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Jumbo bluegills seek deep water in summer By Larry Myhre

When fishermen think of bluegills, their thoughts turn to weed beds.

“That’s where they are right now, right?”

Well, if you are happy with small to mid-size ‘gills, you’re right. But if it is those dinner plate-sized jumbos you want, that answer is wrong.

Big bluegills, and I’m talking those nine, 10 or bigger-sized hogs, are not found in the weeds during the dog days of summer. No, those giant, ultra-light-tackle-busting monsters are found in deep water in glacial lakes all across the upper Midwest.

I guess we should get a little more specific right now, especially when we are talking about lakes. Good bluegill lakes are a lot like good walleye lakes. Lots of deep water, lots of sunken islands and bars, long tapering points and some black bottom bays. If your lake doesn’t fit that description, thick weed beds might be your best option.

I first ran across deep water ‘gills on Lake Vermillion, that big jewel of a lake located on the Precambrian shield of northeast Minnesota. It’s not exactly the kind of lake we’re talking about here, but the big bluegills leave the bays and get on structure in the summertime. Back in the mid ’70s it didn’t have a very strong bluegill population. That has since changed, however.

I was probing the deep bars and sunken islands looking for smallmouth bass using 1/16-ounce marabou jigs.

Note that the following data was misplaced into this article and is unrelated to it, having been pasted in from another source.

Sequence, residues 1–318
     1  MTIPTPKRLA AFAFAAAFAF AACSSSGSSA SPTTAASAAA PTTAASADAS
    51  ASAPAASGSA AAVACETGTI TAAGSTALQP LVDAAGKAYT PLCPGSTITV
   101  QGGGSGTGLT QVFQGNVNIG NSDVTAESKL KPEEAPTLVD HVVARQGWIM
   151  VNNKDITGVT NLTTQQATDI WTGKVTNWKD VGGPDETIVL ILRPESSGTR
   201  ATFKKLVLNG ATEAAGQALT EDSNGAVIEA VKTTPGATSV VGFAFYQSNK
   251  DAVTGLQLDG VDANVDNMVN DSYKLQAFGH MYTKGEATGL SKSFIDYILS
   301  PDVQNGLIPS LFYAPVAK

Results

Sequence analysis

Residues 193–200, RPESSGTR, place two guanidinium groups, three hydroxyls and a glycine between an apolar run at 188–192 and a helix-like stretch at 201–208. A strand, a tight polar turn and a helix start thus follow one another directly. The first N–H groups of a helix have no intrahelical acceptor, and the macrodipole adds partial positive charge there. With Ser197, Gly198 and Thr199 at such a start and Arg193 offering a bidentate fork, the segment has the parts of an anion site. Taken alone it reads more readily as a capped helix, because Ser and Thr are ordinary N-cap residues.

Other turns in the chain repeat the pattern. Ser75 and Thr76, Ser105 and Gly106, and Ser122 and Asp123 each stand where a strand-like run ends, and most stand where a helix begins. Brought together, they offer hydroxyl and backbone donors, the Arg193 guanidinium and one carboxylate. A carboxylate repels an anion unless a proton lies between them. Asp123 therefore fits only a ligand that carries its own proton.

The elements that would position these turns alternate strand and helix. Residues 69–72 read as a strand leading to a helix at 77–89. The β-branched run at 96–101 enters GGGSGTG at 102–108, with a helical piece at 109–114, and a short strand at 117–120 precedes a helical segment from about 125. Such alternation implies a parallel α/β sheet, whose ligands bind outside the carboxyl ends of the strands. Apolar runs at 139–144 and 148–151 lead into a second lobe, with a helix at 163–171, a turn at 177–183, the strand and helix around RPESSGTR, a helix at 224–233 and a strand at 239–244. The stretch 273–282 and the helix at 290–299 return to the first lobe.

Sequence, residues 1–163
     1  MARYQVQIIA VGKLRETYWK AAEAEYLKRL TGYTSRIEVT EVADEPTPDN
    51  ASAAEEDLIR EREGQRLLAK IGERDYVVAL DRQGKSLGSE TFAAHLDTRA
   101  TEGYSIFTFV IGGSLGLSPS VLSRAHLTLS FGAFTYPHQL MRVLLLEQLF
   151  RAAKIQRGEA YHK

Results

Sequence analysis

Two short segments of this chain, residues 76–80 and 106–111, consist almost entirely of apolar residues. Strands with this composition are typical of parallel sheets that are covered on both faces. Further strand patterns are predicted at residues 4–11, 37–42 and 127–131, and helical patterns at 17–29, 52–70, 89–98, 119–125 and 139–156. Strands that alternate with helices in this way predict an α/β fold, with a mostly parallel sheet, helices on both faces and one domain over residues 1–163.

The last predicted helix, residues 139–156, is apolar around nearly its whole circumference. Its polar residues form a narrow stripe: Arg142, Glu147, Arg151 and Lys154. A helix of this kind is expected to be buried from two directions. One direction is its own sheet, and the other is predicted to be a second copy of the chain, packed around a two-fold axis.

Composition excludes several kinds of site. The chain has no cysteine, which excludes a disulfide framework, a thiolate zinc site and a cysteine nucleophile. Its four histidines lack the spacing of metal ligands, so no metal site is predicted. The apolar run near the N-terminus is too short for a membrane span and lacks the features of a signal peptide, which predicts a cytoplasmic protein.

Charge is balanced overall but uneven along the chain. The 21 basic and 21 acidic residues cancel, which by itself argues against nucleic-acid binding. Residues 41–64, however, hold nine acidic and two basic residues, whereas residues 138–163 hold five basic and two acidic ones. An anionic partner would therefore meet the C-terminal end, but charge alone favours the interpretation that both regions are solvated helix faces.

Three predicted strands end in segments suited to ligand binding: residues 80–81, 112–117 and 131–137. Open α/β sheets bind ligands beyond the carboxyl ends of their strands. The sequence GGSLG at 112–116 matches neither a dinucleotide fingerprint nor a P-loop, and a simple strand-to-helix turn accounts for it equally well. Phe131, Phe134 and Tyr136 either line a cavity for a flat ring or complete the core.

There was a tiny rock bar about 12 feet down, not much bigger than the average-size living room. I found it by accident since it was not on the map, but my flasher found it. It topped out at 12 feet and when the first fish came in I was really surprised. It was a big bluegill. I caught and released several of them off that small bar each day thereafter.

It was food for thought, but being a little thick-headed, I didn’t put two and two together.

A couple years later I was fishing Lake Wapogasset near Amery, Wisconsin. It was a walleye factory in those days and I found them easy pickings during the seven days I fished there. There’s a major point, so broad it is almost a flat in the southeast corner of the lake. Walleyes were thick all along the weed line. [Read more…]

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Perch, Panfish & And Kids

I remember when I was growing up in Watertown, when my Grandparents Butch and Mary Menkveld took my brother and I fishing.  They were always fishing and knew about everything there was to know about the outdoors.